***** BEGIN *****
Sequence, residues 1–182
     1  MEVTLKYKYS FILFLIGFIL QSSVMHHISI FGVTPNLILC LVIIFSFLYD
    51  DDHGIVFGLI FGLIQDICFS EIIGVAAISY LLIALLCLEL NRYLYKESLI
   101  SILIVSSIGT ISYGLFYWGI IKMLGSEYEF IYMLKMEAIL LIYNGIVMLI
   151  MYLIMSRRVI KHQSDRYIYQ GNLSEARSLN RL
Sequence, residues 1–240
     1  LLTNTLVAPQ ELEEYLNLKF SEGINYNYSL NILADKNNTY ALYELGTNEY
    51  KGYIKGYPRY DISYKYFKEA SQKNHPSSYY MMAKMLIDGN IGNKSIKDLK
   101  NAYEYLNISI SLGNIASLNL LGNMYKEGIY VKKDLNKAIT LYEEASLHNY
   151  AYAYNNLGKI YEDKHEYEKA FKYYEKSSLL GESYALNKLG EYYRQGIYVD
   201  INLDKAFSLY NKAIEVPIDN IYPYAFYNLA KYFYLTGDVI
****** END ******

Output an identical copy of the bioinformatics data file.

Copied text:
Sequence, residues 1–182
     1  MEVTLKYKYS FILFLIGFIL QSSVMHHISI FGVTPNLILC LVIIFSFLYD
    51  DDHGIVFGLI FGLIQDICFS EIIGVAAISY LLIALLCLEL NRYLYKESLI
   101  SILIVSSIGT ISYGLFYWGI IKMLGSEYEF IYMLKMEAIL LIYNGIVMLI
   151  MYLIMSRRVI KHQSDRYIYQ GNLSEARSLN RL
Sequence, residues 1–240
     1  LLTNTLVAPQ ELEEYLNLKF SEGINYNYSL NILADKNNTY ALYELGTNEY
    51  KGYIKGYPRY DISYKYFKEA SQKNHPSSYY MMAKMLIDGN IGNKSIKDLK
   101  NAYEYLNISI SLGNIASLNL LGNMYKEGIY VKKDLNKAIT LYEEASLHNY
   151  AYAYNNLGKI YEDKHEYEKA FKYYEKSSLL GESYALNKLG EYYRQGIYVD
   201  INLDKAFSLY NKAIEVPIDN IYPYAFYNLA KYFYLTGDVI